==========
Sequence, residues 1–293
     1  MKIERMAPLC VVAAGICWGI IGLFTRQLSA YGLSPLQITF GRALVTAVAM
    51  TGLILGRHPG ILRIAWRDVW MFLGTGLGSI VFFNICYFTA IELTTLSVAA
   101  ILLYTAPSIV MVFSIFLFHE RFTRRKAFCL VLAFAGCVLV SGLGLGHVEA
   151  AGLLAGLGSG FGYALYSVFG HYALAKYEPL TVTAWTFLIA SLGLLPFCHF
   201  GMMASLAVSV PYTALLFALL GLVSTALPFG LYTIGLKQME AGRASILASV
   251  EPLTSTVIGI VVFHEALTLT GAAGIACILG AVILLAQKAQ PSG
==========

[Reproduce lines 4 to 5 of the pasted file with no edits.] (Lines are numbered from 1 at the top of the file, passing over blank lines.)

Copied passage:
   101  ILLYTAPSIV MVFSIFLFHE RFTRRKAFCL VLAFAGCVLV SGLGLGHVEA
   151  AGLLAGLGSG FGYALYSVFG HYALAKYEPL TVTAWTFLIA SLGLLPFCHF